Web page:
How to deploy secure and convenient user authentication?


When choosing between different authentication methods, businesses may have a myriad of choices, but striking the right balance between security, convenience and cost remains a fine art. As tempting as it may be to replace chunky passwords with a biometric option like fingerprints, it’s likely that this won’t provide the security and convenience expected.

Choosing an authentication method depends on the criticality of the information being protected and the expectations of users. As clunky as they are, passwords continue to remain  as the most feasible option when only single factor authentication is required. When this is not enough, hard tokens/biometrics offer additional layers of protection for businesses that require two-factor or multi-factor authentication.

The “Something you know” Factor: Passwords

Security: The security of the password can vary between different implementations. Businesses can enforce strong passwords that are securely stored as a hash with a random salt (e.g. BCRYPT/HMAC with random sha2 – 128 bit salt) or they can simply accept “admin123” stored with minimal/no hashing.
Convenience: The more complex the password requirement, the more this can cause user inconvenience. If it is too difficult, it may scare new/returning users away. If it is too lax, it may also scare users away. The trade-off may be worth it if it prevents a breach that costs more to fix. Whilst the choice depends on individual business requirements, if the information doesn’t require a strong password to protect, why bother with a password at all?
Cost: Cheapest to implement compared to other factors of authentication. Potential investment may include skills, platform updates (to support strong password hashing) and user security awareness education.

The “Something you are” factor: Biometric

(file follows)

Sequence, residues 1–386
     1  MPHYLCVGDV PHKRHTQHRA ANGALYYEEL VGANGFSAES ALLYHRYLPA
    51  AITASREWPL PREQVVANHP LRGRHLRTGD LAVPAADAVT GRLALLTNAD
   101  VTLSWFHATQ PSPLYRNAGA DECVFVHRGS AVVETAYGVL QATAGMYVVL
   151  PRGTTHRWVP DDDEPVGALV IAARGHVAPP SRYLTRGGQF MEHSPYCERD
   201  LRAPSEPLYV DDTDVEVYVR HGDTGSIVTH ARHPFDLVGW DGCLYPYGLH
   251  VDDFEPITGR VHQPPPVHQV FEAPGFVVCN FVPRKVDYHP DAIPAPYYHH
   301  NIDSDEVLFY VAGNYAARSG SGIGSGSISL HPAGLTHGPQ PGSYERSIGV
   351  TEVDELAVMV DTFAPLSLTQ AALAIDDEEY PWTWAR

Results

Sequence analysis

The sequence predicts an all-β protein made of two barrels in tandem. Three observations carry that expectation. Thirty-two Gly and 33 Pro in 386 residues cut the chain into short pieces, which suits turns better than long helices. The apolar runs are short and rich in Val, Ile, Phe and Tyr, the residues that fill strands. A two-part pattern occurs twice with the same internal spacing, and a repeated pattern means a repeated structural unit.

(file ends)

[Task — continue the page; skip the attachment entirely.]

Security: As biometric recognition e.g. fingerprint, iris, voice, face etc. relies upon something that you are, it is something you cannot change. If that information is lost, then the victim remains vulnerable for life. Security researchers have already discovered ways to lift fingerprints from touch screens (and even photos) to successfully authenticate as the victim. The security of biometrics decreases over time as it becomes more widely deployed.
Convenience: When it works, it is very convenient. However, this does not work all the time and can result in user frustration. Bad implementations or wet, dirty or damaged fingers may lock users out of systems relying on fingerprint authentication. Noise/disturbance may reduce the success of voice recognition.
Cost: Will require specialist security skills and experience to implement. May also require additional user experience testing to assess impact of privacy concerns/false positives.

The “Something you have” factor: Tokens (Hard/Soft)

Security: These rely on users having something (e.g. a dongle/client certificate) to authenticate. This can be something they carry or ingest. This is relatively secure as long as the user doesn’t lose the item or get it stolen.

Convenience: As users will need to carry the token to access the application, this can be rather inconvenient. This is why soft tokens on smartphones are increasing in popularity (which although are less secure than hard tokens, is better than nothing).

Cost: Tokens expire/get lost and will need to be frequently topped up/replaced. Therefore, token replacement is an ongoing investment for businesses. Let alone the set-up.

How hackable are you really?


As long as we are online, we are vulnerable to malware, viruses etc. that can steal sensitive information, hijack web sessions/webcams or spy on our keystrokes. This is especially true in cases where individuals are specifically targeted by those who have the persistence, time and skills to profile and craft an attack.